Three weeks ago, I began a series on computing laws and promised I would propose a law of my own in the final article of the series. The time has come to introduce Hamilton’s Law, “The Circle of Life,” which is meant to show my observation of the cyclical nature of computing platforms and how we have completed what I believe to be the first of many cycles in computer development.
The first computers known in history were probably better classified as memory devices rather than calculation-based devices. The first known was the abacus, which was used primarily for counting and tracking large numbers without having to record them on paper. It could store a single number. The next early computer was the slide rule, which basically was a method of reducing a large table of lookup values like sine and cosine, square roots, and other hard to calculate values in a small form factor. The calculations were still primarily done by people.
In the 1930s computers were people hired to do computation on paper, usually several “computers” worked the same complex problem and the results were compared to check for accuracy. In the 1940’s we began to build very large vacuum tube-based computers the size of houses that could only handle a few bits of information (30-bits), and which could only effectively handle a single 10-digit number at a time.
The 1950s brought about the first large scale universal computer. Universal, meaning it was not limited to simple arithmetic and logic functions but could solve much more complex problems. The Univac was a vacuum tube-based computer roughly 1000 times more powerful than the code breaking computers of the 1940s. It could handle calculation and storage of up to 1000 12-digit numbers.
The 1960s brought about the first transistor-based computers, which allowed the size to go from the size of a building to the size of refrigerator. We were still far from a portable device, or even a home computer, but we were getting closer. The first transistor-based computers were smaller and more powerful once again by about 1000 times over the prior decade.
The 1970s brought with it a lot of exciting things for the general public. Before the 1970s only government organizations and large academic institutions had access to computers. In 1970 the internet was born, allowing these institutional computers to communicate with each other. Methods of putting multiple transistors into a single device, called an integrated circuit (IC), came into production, and computers got even smaller. By the mid 1970s you could by an IC-based desk calculator that could do everything the computers in the 1930s could do and then some. These desk calculators were able to be carried in one hand but used too much power to be portable and needed to be plugged in to operate.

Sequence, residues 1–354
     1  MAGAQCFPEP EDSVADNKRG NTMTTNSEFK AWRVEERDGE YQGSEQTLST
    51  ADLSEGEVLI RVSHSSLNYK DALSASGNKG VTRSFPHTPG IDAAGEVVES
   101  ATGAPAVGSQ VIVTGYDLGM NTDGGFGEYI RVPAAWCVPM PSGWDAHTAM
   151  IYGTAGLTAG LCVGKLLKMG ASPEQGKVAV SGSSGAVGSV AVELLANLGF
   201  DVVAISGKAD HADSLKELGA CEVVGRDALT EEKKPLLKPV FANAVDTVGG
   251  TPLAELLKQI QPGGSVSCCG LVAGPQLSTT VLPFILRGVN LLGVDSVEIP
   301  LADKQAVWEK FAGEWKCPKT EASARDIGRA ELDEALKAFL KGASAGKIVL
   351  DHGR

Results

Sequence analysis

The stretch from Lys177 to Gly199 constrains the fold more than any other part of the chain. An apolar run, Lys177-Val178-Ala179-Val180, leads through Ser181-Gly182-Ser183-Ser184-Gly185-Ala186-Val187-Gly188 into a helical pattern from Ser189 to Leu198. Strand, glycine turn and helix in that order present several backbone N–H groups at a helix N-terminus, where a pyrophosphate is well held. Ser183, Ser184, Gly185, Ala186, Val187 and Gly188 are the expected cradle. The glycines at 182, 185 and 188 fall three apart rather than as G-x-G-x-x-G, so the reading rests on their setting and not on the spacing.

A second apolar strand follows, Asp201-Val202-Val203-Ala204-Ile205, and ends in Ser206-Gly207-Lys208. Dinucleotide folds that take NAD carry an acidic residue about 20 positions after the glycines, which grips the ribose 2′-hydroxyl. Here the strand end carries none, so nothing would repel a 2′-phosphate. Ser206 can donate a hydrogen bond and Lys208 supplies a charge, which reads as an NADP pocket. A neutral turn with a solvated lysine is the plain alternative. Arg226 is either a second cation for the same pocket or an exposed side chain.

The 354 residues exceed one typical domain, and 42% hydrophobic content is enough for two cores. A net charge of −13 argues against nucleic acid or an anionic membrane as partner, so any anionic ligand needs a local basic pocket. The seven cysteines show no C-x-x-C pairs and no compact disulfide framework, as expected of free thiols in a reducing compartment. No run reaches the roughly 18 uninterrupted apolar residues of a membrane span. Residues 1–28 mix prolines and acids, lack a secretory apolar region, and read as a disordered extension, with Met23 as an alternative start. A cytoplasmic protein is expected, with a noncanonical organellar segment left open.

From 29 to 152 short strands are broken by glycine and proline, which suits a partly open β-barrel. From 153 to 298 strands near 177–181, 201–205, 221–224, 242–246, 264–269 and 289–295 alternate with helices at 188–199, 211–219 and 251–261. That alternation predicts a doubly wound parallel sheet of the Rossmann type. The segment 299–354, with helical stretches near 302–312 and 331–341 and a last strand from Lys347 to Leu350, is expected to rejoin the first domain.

The 1980s brought the first true computers into the home. It was the era of the home computer. They had exceeded the computing power of the Univac and were small enough to be placed on or under a desk. It was not until the 1990s that computers got both light enough and efficient enough to become portable. They were still the size of a brief case but affordable enough that most middle-class families could buy one if they were interested. The World Wide Web was born in the 1990s, allowing people to share information openly from their computers.
The 2000s were the beginning of the portable computing era. Computers were finally small enough and efficient enough to be carried in one hand, or even a pocket. They were battery powered and could last a few hours without a charge. Wireless networks were coming about, allowing us to utilize the web without being connected to a wire. Yet there was more to come.
The 2010s have been the era of the ultraportable computers. The iPhone, tablets, Apple watches, Fit-bits, and other wearable computers came out. I remember in the early ‘80s talking about how some day we would have computers everywhere, but I never imagined computers fitting in a watch.
Looking to the future is where we see the cycle begin again; over the last few years technology to develop quantum computers has taken hold and the 2020s will be the year of the quantum computer. The leading quantum computer has 30-qubits, exactly the same as the 30-bit 1940s system. It also weighs nearly the same, and takes nearly the same amount of space. We are in hopes that the quantum computing cycle will move faster than the digital cycle discussed above, or we will be waiting until the year 2100 for portable quantum computers. We have traveled full circle back to early technology; granted these quantum computing systems are infinitely more capable than the current digital systems, just as the current digital systems are infinitely more capable than the early analog systems. We are just beginning with the technology to build them. Look forward to next week when I talk about quantum computing and what it means for you.